I found Kuttner and Moore’s meditations on the psychological and social impacts of war on its combatants far more interesting than the pulp-like battles between the Keeps that the soldiers wage. And while on the simple side, I enjoyed the interplay between the “present” (a Venus untamed) and the “past” (filled with legendary figures like Captain Brian Scott in an untamed world).


“When the Bough Breaks” (1944), 2.5/5 (Bad): First appeared in Astounding Science-Fiction, ed. John W. Campbell, Jr. (November 1944). You can read it online here.

This represents the more comedic Kuttner and Moore stories that I do not enjoy. Anthologized countless times, “When the Bough Breaks” follows a couple with a new child named Alexander who luck into an inexpensive apartment in a city high rents (68). Soon after moving in, Calderon, a “fine research physicist” and Myre, a frustrated housewife, encounter “four tiny men standing in the hall” with immense craniums (69). And they outrageously claim that they are the descendants of Alexander, the first super child, and will play a part in the child’s education. All types of ridiculous hijinks occur as Alexander, a toddler, learns how to operate futuristic gadgets and play outrageous tricks on his parents.

Yes, it’s a smoothly told satire of gender roles and parents who want to birth genius children…. It’s not for me. I love a good domestic strife story, but not one populated by annoying super humans of the future.

“Juke-Box” (1947), 3/5 (Average): First appeared in Thrilling Wonder Stories, ed. Sam Merwin, Jr. (February 1947). You can read it online here.

Jerry Foster spends his time confessing his personal life–“nobody loved him” (97)–to his bartender at his local dive bar. He of course had a girl, but ditched her, and ran off with another. And one day, Jerry drapes himself over the bar juke-box and “patted it sleek sides” and murmurs “you’re my girl” (98). And so begins a bizarre SF horror experience…. The juke-box seems to communicate with Jerry via the songs “she” plays. And soon the lyrics she conveys influences Jerry’s career writing catchy melodies for a music producer. When Jerry seems to want to detach himself from her charm, she lashes out. He finds himself caught by the juke-box, and the ritual of visiting her and listening to her songs.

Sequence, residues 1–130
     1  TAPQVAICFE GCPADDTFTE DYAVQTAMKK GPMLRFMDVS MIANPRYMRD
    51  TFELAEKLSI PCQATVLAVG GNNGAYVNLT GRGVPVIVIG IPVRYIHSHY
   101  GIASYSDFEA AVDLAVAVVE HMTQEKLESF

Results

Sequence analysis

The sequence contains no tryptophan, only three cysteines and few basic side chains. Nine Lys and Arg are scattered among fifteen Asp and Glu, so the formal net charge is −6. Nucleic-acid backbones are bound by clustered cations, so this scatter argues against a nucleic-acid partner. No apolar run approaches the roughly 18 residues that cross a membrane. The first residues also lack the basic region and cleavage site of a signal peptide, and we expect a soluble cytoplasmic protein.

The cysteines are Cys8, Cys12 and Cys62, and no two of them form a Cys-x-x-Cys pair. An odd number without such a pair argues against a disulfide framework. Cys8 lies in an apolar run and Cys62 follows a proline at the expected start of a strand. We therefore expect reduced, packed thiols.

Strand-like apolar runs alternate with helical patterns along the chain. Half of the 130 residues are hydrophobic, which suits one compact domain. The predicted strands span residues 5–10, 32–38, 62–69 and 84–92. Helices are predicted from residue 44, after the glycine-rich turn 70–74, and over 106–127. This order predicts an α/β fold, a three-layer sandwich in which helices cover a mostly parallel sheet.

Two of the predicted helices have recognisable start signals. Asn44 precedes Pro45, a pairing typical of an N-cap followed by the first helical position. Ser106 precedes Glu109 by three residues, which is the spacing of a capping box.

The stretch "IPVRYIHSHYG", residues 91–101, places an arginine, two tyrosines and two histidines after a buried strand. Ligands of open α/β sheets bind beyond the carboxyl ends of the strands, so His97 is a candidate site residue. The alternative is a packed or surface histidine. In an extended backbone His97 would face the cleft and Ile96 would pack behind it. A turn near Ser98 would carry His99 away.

Kuttner and Moore spell out what Jerry represents: “he was essentially a reactionary, so it was a mistake for him to have been born in an era of great changes” (101). Unable to find himself in the “vast technological and sociological changes the mid-Twentieth century offered” (101). Jerry finds himself–and others like him–entirely trapped by the world he resists. He cannot function without the technological marvel. He cannot find real connections to other humans. The juke-box is his mana, the juke-box is his muse, the juke-box guides his every move. Sounds similar to my students unable to detach themselves from their phones!

Somewhat recommended.

“The Ego Machine” (1952), 3/5 (Average): First appeared in Space Science Fiction, ed. Lester del Rey (May 1952). You can read it online here.

Nicholas Martin wants to be known as a real literary author. Unfortunately, the director St. Cyr, from an poor and obscure little Balkan country of Mixo-Lydia, loves to sink his teeth and claws into hit plays and writers. St. Cyr sneaks fine print into a contract for an adaption of Martin’s hit play Angelina Noel, about a Portuguese captain of a fishing boat and a mermaid. Martin wants to be released from the contract but doesn’t have the gumption or smarts to exert himself, yet alone declare his love for his workaholic, and “competent” (115), agent Erika.